January 24, 2024 3 min read


Guernsey Faces Health Fallout as Gambling Impact Assessment Raises Alarms

The results of a recent study suggest that Guernsey exhibited a greater proportion of individuals engaging in gambling activities compared to its neighboring jurisdictions

A recent Health Impact Assessment (HIA) on gambling in Guernsey, conducted by the Public Health Institute at Liverpool John Moores University, has raised concerns about the health implications of the island’s gambling habits. The study, commissioned in 2019, examined the prevalence and impact of gambling on the local population.

The findings indicate that Guernsey had a higher percentage of gamblers compared to its neighboring jurisdictions, with 79.9% of respondents engaging in gambling activities over the previous year. This surpasses the figures for the Isle of Man at 75.9% and Great Britain at 57%. 

The most popular form of gambling was the Channel Islands Christmas Lottery, with 67.5% participation, followed closely by the purchase of scratch cards.

Dr. Nicola Brink, Director of Public Health, expressed her concerns, stating that the impact of the COVID-19 pandemic and ongoing economic challenges may have exacerbated the trends identified in 2019/2020. She suggested that the current situation might be more severe than the study indicates, given the added pressures of the pandemic.

The HIA employed a mixed-methods approach, including a postal survey, qualitative interviews with stakeholders and gamblers, and a stakeholder workshop. The research, conducted between September 2019 and February 2020, faced delays due to the COVID-19 pandemic, leading to the publication of the report at the start of 2024.

Key findings from the study revealed that gamblers exhibited a higher prevalence of poor health indicators compared to non-gamblers, including issues such as overweight/obesity, regular GP visits, tobacco smoking, binge drinking, violence victimization, and perpetration.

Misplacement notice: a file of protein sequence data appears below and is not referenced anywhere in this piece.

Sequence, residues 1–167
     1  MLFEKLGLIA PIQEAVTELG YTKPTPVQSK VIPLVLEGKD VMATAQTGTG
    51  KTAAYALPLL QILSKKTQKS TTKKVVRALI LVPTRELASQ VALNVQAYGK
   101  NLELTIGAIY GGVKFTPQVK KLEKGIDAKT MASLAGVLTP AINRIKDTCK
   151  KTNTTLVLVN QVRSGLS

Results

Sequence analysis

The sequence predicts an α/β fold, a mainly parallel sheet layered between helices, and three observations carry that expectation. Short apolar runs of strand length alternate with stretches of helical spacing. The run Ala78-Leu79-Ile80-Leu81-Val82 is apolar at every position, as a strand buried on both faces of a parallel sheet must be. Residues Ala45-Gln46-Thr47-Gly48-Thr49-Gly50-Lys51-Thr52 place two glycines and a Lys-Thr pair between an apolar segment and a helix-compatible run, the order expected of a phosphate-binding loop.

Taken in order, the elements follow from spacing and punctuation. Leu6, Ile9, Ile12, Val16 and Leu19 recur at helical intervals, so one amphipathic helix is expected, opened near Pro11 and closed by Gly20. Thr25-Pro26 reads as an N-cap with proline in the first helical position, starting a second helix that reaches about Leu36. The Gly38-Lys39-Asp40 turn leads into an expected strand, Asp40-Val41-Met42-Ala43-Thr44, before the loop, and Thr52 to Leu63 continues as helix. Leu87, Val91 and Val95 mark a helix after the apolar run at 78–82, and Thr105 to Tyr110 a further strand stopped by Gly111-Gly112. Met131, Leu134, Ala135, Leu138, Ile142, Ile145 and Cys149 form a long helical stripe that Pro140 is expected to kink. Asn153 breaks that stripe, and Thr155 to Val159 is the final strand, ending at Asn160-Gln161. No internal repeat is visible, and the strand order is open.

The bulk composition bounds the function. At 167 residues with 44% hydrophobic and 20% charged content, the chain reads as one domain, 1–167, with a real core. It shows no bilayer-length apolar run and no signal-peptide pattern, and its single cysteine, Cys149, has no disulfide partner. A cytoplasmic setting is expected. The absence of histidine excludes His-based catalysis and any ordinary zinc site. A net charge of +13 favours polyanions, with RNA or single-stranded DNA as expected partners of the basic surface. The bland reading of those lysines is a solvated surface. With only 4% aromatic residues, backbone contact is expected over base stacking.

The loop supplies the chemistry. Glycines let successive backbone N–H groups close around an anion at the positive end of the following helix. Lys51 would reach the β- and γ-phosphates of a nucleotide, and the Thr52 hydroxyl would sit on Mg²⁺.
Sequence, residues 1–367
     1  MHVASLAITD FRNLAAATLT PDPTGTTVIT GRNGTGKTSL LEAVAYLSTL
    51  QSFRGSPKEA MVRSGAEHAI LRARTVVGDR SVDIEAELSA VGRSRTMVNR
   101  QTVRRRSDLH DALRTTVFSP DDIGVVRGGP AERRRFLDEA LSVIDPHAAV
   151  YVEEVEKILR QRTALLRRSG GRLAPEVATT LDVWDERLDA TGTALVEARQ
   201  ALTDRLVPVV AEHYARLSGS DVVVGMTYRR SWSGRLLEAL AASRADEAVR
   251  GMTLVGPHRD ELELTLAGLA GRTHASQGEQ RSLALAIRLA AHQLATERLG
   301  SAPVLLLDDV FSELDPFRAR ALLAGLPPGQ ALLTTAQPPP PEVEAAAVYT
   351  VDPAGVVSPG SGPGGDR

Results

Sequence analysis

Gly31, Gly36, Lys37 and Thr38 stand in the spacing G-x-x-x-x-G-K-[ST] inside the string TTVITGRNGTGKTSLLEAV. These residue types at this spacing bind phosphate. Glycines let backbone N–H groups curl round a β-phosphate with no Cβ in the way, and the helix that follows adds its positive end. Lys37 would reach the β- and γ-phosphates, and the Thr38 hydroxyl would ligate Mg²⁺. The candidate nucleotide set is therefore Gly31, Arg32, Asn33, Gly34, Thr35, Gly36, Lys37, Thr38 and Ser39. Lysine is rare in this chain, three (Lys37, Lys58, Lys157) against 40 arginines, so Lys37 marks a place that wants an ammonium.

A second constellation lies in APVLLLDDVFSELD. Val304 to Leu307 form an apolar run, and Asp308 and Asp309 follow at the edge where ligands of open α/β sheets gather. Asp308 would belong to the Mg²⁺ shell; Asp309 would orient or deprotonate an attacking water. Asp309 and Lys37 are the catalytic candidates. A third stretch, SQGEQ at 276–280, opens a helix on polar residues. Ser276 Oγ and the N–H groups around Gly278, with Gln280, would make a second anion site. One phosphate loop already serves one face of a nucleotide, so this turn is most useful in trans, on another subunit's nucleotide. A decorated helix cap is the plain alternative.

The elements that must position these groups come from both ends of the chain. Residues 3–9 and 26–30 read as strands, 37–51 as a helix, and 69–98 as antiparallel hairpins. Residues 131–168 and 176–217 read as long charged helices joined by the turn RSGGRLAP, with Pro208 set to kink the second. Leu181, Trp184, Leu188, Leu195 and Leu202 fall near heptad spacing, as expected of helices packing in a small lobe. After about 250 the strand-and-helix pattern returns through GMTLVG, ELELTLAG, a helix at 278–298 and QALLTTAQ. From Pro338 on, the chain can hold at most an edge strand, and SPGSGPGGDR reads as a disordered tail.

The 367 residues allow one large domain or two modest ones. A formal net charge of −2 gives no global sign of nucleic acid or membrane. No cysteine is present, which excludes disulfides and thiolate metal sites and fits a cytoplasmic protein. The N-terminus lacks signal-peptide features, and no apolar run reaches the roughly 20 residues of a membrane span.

Notably, scratch card usage in Guernsey stood out, with 46.3% engaging in this activity compared to 29.3% in the Isle of Man and 21% in Great Britain.

While the majority of gamblers do not experience problems, the study identified 6.7% of Guernsey adults as ‘at-risk’ gamblers and 0.9% as ‘problem’ gamblers. At-risk gambling was more prevalent among males and the 18-24 age group, indicating potential issues for the future.

Jenny Cataroche, Head of Public Health Intelligence, emphasized that the report provided a better understanding of gambling in Guernsey, highlighting that actions to address at-risk and problem gambling could have positive effects on individuals, as well as their families and communities.

The report recommends various measures, including raising awareness of the harms of problem gambling in school-based education settings, enhancing support for at-risk and problem gamblers, clarifying pathways to access support, and considering policy and legislation changes to protect vulnerable islanders.

In response, STSB Senior Lottery Officer, Jon Taylor, affirmed their commitment to promoting responsible play, announcing initiatives to address the concerns raised by the study and conducting additional research to inform the future direction of the Channel Islands Lottery.


Silvia has dabbled in all sorts of writing – from content writing for social media to movie scripts. She has a Bachelor's in Screenwriting and experience in marketing and producing documentary films. With her background as a customer support agent within the gambling industry, she brings valuable insight to the Gambling News writers’ team.

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